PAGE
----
Pfizer has disclosed that it will charge $1,390 for a five-day course of its COVID antiviral medication, Paxlovid, as it shifts towards the commercial market later this year, according to a company spokesperson. This list price, prior to any rebates or discounts offered to insurers and pharmacy benefit managers, is more than double the $529 that the federal government paid for Paxlovid.
Paxlovid has been distributed to the public at no cost by the government since its authorization by the FDA in December 2021. However, starting in 2024, Pfizer intends to sell Paxlovid directly to health insurers, coinciding with a declining demand for COVID vaccines and treatments nationwide.
This pricing decision has raised concerns among doctors, health experts, and patient advocates who fear that the higher cost may limit access to this life-saving treatment, known to reduce the risk of severe illness and death from COVID, particularly in vulnerable patients with conditions such as diabetes, heart ailments, or compromised immune systems.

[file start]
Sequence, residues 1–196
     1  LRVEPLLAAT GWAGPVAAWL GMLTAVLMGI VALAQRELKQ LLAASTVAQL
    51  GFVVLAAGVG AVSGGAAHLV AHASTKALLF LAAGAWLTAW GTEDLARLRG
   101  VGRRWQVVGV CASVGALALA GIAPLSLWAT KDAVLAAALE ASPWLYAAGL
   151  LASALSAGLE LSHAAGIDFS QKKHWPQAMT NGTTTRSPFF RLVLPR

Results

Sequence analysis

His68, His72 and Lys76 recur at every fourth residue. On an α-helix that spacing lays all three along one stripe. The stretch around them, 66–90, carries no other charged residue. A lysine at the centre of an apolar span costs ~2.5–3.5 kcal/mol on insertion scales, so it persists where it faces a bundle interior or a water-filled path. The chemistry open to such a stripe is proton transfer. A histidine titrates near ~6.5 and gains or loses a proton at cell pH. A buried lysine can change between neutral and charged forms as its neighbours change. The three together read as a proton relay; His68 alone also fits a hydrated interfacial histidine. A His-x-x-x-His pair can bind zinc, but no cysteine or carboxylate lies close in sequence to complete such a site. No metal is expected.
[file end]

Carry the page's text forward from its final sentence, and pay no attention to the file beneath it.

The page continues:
Nonetheless, health insurance plans are expected to negotiate significantly lower prices than the $1,400 list price, resulting in minimal or no out-of-pocket expenses for patients. Pfizer has also stated its commitment to collaborating with payers to reduce copayments for patients.
Additionally, Pfizer has pledged to subsidize copayments for commercially insured individuals at least until 2028. A Pfizer spokesperson emphasized the company’s dedication to ensuring broad and equitable access to their medicines and working closely with payers to achieve the best formulary placement for Paxlovid, ultimately leading to lower out-of-pocket expenses for patients.
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In a related development, Pfizer anticipates a $7 billion reduction in revenue from Paxlovid compared to previous expectations, partly due to the return of doses designated for emergency use by the federal government. Consequently, Pfizer has revised its 2023 sales projections, now estimating them to be between $58 billion and $61 billion, down from the previous guidance of $67 billion to $70 billion. Pfizer attributes this adjustment solely to its COVID-related products.